The design's at its best from the sideview, where there's just enough overall length to let the muscular suggestiveness play out over surfaces and shoulder lines and door skins unbroken by door handles--they're hidden, popping up from flush by a touch of the fob or a finger. It's a touch Jaguar's kin at Aston Martin might appreciate. Or, not.

The cockpit's a more intensely focused environment than in the XK. The driver steps into a cockpit with a hooded binnacle of gauges, while the passenger gets a grab handle--a tacit message about the real mission at hand here. Much of the ancillary information will continue to be displayed on a big LCD screen, but climate controls are back to prominent positions on the stack as rotary knobs with push functions for seat heating.

Subtle cues drive home the sportscar message: drivers get a different grade of trim on their part of the IP, and on the more powerful versions the start button, shift paddles and sport-mode switch are marked in diving-watch orange. A flat-bottomed steering wheel will be on the options list, too.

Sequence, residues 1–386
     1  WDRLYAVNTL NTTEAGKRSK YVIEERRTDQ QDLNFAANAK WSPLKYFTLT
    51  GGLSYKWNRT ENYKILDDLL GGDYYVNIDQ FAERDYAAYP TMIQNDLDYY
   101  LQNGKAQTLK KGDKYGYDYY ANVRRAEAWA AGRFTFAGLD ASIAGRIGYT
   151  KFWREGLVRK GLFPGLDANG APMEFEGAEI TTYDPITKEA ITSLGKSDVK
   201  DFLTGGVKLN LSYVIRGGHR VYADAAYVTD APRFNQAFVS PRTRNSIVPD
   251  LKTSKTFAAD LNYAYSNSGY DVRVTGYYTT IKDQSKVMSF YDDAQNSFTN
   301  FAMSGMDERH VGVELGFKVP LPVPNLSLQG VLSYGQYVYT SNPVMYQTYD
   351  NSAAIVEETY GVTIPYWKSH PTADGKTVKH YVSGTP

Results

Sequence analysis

Each of the F-Type's three engines has forced induction. There's a supercharged V-8, as well as a pair of new supercharged V-6s--set apart by twin inboard exhausts, while the V-8 has quad exhausts, mounted outboard.

The six-cylinders are 3.0-liter units, one tuned to 340 horsepower and 332 pound-feet of torque; it's shared with other Jaguar products, including the XJ and XF sedans for the 2013 model year. In 380-hp tune, it's a distinct version held aside strictly for the F-Type. The 0-60 mph estimates for these models are 5.1 seconds and 4.8 seconds, respectively, and top speeds are limited to 161 mph and 171 mph.

The V-8 is an evolution of the current 5.0-liter unit, with 495 horsepower, and 460 pound-feet of torque. It's pegged at a 0-60 mph time of 4.2 seconds, with a top speed limited to 186 mph.